alexa Pharmacological possibilities for protection against myocardial reperfusion injury.
Psychiatry

Psychiatry

Journal of Addiction Research & Therapy

Author(s): Wang QD, Pernow J, Sjquist PO, Rydn L

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Abstract Reperfusion through thrombolysis or percutananeous coronary angioplasty is standard treatment in impending acute myocardial infarction. Although restoration of blood flow to the jeopardised myocardial area is a perquisite for myocardial salvage, reperfusion itself may lead to accelerated and additional myocardial injury beyond that generated by ischemia alone. This is referred to as the "reperfusion injury". Since the reperfusion injury is initiated by the treatment of myocardial infarction, it is of importance to limit the extent of the injury. Several studies aimed at preventing reperfusion injury by means of pharmacological agents have therefore been conducted. The design of such studies is crucial for the results. Factors of importance are the timing of drug administration, animal species used, the degree of collateral flow and the duration of ischemia. A variety of pharmacological compounds have been investigated in different experimental models of myocardial ischemia and reperfusion. These include oxygen free radical scavengers, antioxidants, calcium channel blockers, inhibitors of neutrophils, nitric oxide, adenosine-related agents, inhibitors of the renin-angiotensin system, endothelin receptor antagonists, Na(+)/H(+) exchange inhibitors, and anti-apoptotic agents. All these groups of pharmacological agents have been demonstrated to protect from reperfusion injury determined as limitation of infarct size, improved myocardial and endothelial function, and reduced incidence of arrhythmias. The mechanism behind the protective effect may differ between different groups of compounds, but some compounds may exert cardioprotection via common pathways. Such a pathway may be via maintained bioavailability of nitric oxide.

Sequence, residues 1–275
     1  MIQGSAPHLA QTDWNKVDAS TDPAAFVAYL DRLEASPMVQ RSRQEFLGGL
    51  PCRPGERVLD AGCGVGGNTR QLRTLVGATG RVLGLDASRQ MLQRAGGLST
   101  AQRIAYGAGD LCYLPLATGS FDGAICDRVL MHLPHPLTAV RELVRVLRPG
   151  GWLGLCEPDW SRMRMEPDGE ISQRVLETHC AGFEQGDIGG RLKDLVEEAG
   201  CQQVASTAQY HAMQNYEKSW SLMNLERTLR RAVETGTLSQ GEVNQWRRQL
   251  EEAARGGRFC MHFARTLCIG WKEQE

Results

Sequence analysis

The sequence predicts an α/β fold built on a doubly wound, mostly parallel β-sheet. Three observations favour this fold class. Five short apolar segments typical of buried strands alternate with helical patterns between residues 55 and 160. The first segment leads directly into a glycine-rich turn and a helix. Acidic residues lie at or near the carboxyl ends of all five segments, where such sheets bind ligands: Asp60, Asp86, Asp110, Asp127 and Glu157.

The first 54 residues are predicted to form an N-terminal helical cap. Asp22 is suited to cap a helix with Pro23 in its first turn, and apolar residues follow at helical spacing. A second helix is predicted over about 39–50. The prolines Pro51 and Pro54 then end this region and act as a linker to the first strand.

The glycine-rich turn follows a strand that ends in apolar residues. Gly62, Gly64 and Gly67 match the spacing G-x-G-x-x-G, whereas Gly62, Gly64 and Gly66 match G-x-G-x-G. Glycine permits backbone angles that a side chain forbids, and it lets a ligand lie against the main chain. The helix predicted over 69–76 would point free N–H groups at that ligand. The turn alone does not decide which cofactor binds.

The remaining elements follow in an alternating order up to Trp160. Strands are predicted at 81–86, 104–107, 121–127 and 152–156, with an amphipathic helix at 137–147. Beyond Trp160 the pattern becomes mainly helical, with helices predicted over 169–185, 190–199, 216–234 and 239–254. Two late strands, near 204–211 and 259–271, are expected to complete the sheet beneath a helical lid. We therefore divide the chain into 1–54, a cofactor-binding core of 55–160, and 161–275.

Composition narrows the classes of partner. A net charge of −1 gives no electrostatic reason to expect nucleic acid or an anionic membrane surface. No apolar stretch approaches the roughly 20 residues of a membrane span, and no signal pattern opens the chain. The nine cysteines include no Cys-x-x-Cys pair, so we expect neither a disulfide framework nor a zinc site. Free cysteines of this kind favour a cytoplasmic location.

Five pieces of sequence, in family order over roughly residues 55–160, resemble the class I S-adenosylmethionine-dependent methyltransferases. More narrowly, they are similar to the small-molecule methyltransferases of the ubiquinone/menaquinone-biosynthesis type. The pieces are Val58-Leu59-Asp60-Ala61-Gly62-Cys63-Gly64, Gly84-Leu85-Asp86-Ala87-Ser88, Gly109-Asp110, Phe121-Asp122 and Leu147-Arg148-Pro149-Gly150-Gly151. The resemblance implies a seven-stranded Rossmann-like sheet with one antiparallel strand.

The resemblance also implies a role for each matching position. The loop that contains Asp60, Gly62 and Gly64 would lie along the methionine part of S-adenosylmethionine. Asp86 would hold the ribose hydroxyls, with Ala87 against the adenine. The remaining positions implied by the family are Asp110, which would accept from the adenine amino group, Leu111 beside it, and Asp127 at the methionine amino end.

This article was published in Cardiovasc Res and referenced in Journal of Addiction Research & Therapy

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